In 2012, Angus Houston proposed a resurrected Pacific solution to the Gillard government for two purposes only. He saw it as a temporary circuit breaker until the boats could be stopped and turned back lawfully and safely. His expert panel did not propose it as a permanent precondition for being able to stop boats and turn them back. Secondly, he saw the maintenance of the offshore processing centres once the boats had stopped as a necessary part of the jigsaw in designing a regional solution for the protection, processing and resettlement of refugees in South East Asia. Given that there has been no continuing flow of irregular maritime arrivals (IMAs), Houston saw no warrant for keeping proven refugees on Nauru or Manus Island for years on end, without any end in prospect. The Houston Panel stated:


The Panel's view is that, in the short term, the establishment of processing facilities in Nauru as soon as practical is a necessary circuit breaker to the current surge in irregular migration to Australia. It is also an important measure to diminish the prospect of further loss of life at sea. Over time, further development of such facilities in Nauru would need to take account of the ongoing flow of IMAs to Australia and progress towards the goal of an integrated regional framework for the processing of asylum claims.


Given that there has been no 'ongoing flow of IMAs to Australia', the only case for maintaining processing facilities on Nauru and Manus Island, in line with the Houston recommendations, would be as part of 'an integrated regional framework for the processing of asylum claims'. To date, the Abbott and Turnbull governments have done NOTHING to establish that framework. Nauru and Manus Island no longer perform any credible, morally coherent, or useful task in securing Australia's borders. Even talk of sending signals is misplaced. The main signal is being sent to Australian voters, not to asylum seekers waiting in Java whose attempts to commission people smugglers have been thwarted by Indonesian officials and Australian intelligence, and whose boats would be turned back in any event.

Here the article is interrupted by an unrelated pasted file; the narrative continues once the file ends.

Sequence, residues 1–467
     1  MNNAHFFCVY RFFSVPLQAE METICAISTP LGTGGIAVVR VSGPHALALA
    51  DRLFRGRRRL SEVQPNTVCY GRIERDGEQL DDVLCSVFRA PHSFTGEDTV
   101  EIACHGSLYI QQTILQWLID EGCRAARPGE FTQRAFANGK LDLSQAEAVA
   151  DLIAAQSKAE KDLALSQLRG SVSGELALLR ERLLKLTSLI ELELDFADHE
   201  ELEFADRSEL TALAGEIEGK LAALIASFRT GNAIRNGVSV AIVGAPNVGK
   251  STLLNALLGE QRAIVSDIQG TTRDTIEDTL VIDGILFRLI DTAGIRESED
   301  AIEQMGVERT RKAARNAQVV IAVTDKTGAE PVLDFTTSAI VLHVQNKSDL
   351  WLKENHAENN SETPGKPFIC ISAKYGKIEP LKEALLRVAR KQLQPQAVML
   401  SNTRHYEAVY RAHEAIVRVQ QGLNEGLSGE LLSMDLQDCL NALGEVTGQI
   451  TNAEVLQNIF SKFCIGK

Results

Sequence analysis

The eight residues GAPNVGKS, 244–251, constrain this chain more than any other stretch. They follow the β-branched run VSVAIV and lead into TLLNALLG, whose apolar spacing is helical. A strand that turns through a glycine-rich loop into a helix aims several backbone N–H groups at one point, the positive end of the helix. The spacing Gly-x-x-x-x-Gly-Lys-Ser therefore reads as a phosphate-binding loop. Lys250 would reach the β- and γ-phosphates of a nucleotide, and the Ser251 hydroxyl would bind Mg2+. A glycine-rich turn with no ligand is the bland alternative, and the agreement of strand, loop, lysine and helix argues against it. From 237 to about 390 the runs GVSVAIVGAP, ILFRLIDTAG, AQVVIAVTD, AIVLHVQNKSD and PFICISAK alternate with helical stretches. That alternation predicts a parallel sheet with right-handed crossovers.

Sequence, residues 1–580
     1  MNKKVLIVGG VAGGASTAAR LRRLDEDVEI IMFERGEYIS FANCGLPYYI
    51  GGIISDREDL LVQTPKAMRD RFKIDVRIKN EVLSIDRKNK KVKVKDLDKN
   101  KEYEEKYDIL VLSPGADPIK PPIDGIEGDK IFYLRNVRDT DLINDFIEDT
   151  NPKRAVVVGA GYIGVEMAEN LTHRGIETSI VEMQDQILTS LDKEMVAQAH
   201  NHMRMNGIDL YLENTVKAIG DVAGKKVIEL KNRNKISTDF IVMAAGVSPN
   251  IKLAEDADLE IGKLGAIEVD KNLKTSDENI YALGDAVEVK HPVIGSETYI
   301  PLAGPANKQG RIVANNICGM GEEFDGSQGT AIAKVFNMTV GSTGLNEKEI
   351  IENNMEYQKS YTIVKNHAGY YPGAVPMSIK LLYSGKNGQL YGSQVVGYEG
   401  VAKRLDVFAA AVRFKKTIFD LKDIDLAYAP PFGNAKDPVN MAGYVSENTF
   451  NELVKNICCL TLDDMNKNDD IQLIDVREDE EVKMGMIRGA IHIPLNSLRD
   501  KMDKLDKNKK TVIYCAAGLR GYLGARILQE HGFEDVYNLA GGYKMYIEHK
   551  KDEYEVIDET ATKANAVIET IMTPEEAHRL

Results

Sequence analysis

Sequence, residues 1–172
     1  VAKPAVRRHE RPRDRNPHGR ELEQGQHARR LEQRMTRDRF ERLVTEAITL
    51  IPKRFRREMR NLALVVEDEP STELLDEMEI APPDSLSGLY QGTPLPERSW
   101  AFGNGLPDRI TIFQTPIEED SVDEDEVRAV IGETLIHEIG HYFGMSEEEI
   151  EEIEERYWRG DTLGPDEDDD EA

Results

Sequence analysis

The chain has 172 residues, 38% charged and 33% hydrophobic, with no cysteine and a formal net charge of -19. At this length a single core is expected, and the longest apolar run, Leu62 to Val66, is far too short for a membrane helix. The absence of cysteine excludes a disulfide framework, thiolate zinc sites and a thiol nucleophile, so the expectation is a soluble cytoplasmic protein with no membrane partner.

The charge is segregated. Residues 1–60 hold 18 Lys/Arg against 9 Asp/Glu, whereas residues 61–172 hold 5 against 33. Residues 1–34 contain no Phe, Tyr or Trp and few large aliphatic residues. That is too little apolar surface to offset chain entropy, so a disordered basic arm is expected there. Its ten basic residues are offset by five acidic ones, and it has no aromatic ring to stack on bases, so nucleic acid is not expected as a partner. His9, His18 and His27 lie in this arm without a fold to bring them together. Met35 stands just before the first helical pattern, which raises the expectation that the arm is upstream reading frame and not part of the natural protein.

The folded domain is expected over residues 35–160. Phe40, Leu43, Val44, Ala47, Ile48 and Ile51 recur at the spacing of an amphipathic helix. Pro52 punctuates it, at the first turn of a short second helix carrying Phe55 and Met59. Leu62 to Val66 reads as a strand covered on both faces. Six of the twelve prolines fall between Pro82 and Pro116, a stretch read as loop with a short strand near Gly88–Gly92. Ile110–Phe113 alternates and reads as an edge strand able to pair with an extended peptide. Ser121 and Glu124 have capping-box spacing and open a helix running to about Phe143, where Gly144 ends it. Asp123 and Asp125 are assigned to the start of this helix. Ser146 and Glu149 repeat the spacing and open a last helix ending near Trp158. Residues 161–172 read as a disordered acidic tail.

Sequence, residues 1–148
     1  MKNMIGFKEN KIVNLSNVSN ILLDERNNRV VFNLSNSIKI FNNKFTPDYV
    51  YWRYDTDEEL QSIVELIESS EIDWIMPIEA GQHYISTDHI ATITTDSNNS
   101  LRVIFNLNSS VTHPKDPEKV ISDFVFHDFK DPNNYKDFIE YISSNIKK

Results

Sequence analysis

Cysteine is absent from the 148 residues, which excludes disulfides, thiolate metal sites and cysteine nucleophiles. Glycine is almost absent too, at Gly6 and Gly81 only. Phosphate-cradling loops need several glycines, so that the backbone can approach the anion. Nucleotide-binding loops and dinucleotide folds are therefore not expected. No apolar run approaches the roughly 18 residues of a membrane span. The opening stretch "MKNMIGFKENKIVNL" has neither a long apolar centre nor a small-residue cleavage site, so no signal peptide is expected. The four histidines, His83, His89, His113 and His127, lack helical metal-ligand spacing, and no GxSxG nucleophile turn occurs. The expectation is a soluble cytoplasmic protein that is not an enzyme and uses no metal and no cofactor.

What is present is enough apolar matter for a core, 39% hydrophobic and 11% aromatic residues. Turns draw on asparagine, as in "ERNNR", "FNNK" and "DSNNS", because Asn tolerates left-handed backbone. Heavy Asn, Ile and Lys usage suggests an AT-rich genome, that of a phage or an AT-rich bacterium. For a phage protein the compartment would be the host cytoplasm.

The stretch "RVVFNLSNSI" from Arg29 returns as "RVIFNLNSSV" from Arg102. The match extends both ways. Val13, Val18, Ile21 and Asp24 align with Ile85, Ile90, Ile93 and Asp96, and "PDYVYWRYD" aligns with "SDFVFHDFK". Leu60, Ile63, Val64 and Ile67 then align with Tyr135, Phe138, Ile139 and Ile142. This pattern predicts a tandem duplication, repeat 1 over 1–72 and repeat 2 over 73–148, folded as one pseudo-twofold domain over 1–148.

Last Thursday evening Dutton said 'we have had discussions with a number of other countries' but then went on to say, 'I think the situation is that people have paid people smugglers for a migration outcome. They want to come to Australia, they don't want to go to New Zealand, Canada, the United States, Malaysia, anywhere else.' It's time for Turnbull, Shorten and Di Natale to agree on a timetable. If the government is unable to resettle the proven refugees elsewhere in countries like New Zealand and Canada by the end of the year, the refugees should be resettled in Australia. If there are still asylum seekers awaiting determination of their claims by the end of the year, they should be brought to Christmas Island for processing. To keep them any longer on Nauru and Manus Island is to tempt fate adverse to their interests, adverse to the national interest of PNG and Nauru, and adverse to Australia's international standing and sense of ourselves.

Dutton's status quo can't work much longer, and he must know that. His advisers know that in this realm of human activity, the red and green lights require prior calculation of what people will do to save their own lives and to get on with their lives. It's much more complex than the census, and it's much more complicated than being re-elected. The stakes are very high, and not just for those proven refugees we continue to punish so publicly and so unapologetically pretending that we are treating them decently. Turnbull and Dutton have a mandate to stop the boats. They have no mandate to make these people suffer more, in our name, for no appreciable benefit to anybody.